1. What are the most effective ways to identify adults at risk for falls or at risk for injury due to falls?
  2. What interventions are effective in preventing falls and reducing the risk for falls or falls-related injury (among people at risk for falls)?
  3. What interventions or processes should occur immediately following a fall?
  4. What education should be included in training and ongoing educational programs for nurses and other healthcare providers to effectively prevent falls and injury from falls?
  5. What organizational policies and system-level supports are required to effectively prevent falls and injury from falls (among those at risk for falls/injury from falls)?

The RNAO Best Practice Guideline Program Team and expert panel's work to integrate the most current and best evidence, and ensure the validity, appropriateness, and safety of the guideline recommendations with supporting evidence and/or expert panel consensus.

A modified Delphi technique was employed to obtain panel consensus on the recommendations.

Rating Scheme for the Strength of the Recommendations

Not applicable

Cost Analysis

A formal cost analysis was not performed and published cost analyses were not reviewed.

Method of Guideline Validation

External Peer Review

Internal Peer Review

Description of Method of Guideline Validation

Stakeholder reviewers for the Registered Nurses' Association of Ontario (RNAO) best practice guidelines (BPGs) are identified in two ways. First, stakeholders are recruited through a public call issued on the RNAO Web site (http://rnao.ca/bpg/get-involved/stakeholder External Web Site Policy). Second, individuals and organizations with expertise in the guideline topic area are identified by the Best Practice Guideline Program Team and expert panel and are directly invited to participate in the review.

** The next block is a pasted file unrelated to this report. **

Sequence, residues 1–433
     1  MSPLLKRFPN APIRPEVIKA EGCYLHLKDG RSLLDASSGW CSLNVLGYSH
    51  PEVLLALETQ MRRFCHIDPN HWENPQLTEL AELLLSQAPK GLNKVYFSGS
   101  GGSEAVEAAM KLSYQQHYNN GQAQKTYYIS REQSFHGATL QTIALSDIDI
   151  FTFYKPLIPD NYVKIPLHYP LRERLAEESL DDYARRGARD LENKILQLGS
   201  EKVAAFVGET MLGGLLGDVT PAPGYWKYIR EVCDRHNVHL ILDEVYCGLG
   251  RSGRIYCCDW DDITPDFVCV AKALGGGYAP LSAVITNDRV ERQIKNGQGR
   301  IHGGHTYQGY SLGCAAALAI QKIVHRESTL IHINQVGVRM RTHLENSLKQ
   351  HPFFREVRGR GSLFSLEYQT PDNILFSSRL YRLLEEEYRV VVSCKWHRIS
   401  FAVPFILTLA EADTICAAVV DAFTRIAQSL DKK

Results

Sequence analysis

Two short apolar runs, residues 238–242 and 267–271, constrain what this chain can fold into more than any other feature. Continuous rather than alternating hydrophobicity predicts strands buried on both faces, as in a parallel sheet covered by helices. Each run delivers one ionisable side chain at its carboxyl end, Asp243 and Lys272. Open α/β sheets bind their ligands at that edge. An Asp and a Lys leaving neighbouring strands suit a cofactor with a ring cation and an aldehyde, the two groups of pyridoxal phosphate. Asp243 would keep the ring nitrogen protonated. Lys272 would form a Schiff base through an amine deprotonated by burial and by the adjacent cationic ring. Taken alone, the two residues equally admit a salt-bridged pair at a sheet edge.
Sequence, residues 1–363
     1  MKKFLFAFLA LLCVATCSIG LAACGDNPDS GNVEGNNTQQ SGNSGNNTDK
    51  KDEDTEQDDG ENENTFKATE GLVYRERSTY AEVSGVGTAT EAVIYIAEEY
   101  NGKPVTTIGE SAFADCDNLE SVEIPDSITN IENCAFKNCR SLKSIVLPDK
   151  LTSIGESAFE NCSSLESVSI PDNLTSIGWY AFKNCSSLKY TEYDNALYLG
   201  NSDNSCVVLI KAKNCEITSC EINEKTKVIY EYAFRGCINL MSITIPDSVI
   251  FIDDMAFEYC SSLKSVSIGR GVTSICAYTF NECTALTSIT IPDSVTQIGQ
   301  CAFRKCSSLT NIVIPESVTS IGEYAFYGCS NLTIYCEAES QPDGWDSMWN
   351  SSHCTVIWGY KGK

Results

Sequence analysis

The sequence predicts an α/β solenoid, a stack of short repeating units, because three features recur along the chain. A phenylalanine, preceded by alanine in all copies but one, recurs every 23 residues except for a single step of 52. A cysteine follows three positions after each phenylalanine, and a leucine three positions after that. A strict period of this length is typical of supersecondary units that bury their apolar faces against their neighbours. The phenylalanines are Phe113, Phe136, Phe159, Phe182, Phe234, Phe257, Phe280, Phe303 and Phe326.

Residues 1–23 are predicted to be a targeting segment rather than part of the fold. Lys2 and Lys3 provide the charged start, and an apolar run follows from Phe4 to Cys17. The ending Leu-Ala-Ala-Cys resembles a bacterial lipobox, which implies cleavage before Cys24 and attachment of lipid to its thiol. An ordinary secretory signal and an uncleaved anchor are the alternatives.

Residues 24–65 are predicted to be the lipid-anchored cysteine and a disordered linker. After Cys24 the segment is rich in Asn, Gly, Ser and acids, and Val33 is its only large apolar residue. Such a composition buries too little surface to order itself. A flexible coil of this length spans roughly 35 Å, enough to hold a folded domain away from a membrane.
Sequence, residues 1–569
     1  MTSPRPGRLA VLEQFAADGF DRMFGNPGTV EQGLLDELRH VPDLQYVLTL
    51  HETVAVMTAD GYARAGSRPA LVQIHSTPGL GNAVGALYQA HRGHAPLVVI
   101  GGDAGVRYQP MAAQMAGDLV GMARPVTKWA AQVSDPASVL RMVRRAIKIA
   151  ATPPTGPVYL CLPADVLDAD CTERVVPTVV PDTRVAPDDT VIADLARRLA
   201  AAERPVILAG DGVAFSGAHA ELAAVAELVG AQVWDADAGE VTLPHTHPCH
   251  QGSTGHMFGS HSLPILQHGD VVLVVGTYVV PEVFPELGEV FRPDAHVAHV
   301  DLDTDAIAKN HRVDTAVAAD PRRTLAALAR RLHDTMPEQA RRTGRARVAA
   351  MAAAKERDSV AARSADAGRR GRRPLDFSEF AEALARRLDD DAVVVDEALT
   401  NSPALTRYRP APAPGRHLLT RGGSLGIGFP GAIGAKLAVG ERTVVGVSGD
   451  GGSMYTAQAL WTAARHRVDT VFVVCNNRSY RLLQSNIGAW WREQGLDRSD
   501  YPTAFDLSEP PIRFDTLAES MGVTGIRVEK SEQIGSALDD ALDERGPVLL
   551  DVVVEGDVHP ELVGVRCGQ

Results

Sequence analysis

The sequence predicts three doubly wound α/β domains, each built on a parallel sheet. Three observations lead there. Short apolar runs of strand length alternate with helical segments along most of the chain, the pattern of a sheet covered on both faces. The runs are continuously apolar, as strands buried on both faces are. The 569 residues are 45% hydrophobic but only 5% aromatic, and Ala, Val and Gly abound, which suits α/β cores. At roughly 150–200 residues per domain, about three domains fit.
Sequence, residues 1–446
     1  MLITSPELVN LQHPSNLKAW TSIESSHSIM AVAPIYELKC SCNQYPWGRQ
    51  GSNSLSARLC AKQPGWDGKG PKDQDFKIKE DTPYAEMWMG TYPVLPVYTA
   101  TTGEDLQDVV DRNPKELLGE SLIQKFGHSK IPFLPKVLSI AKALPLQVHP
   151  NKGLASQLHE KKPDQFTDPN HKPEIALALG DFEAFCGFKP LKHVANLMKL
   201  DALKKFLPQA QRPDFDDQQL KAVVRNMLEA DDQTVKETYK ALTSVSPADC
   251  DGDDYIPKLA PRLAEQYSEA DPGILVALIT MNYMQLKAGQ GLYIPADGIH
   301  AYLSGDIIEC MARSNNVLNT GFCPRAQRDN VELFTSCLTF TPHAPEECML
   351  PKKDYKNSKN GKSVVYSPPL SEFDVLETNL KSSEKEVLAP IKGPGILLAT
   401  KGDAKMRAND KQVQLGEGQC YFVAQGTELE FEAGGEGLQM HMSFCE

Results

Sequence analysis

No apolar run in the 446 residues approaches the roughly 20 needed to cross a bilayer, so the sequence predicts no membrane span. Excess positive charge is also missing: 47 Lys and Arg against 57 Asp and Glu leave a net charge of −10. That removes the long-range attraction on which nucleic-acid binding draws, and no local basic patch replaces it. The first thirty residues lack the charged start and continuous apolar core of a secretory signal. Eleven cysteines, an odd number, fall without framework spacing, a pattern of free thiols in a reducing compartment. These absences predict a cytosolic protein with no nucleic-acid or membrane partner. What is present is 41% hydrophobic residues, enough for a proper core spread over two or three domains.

Stakeholder reviewers are individuals with subject matter expertise in the guideline topic or who may be affected by the implementation of the guideline. Reviewers may be nurses and other point-of-care health-care providers, nurse executives, administrators, researchers, members of the interprofessional team, educators, nursing students, or persons and family. RNAO aims to solicit stakeholder expertise and perspectives representing diverse healthcare sectors, roles within nursing and other professions (e.g., clinical practice, research, education, and policy), and geographic locations.

Reviewers are asked to read a full draft of the guideline and participate in the review prior to its publication. Stakeholder feedback is submitted online by completing a survey questionnaire. The stakeholders are asked the following questions about each recommendation:

  • Is this recommendation clear?
  • Do you agree with this recommendation?
  • Is the discussion of evidence thorough and does the evidence support the recommendation?

The survey also provides an opportunity to include comments and feedback for each section of the guideline. Survey submissions are compiled and feedback is summarized by the RNAO Best Practice Guideline Program Team.

Together with the expert panel, RNAO reviews and considers all feedback and, if necessary, modifies the guideline content and recommendations prior to publication to address the feedback received.

Stakeholder reviewers have given consent to the publication of their names and relevant information in the original guideline document.

Type of Evidence Supporting the Recommendations

The type of supporting evidence is identified and graded for each recommendation (see the "Major Recommendations" field).

Potential Benefits

  • Collecting details of falls history can provide insight into risk factors or conditions (e.g., gait problems, low blood pressure) that require intervention.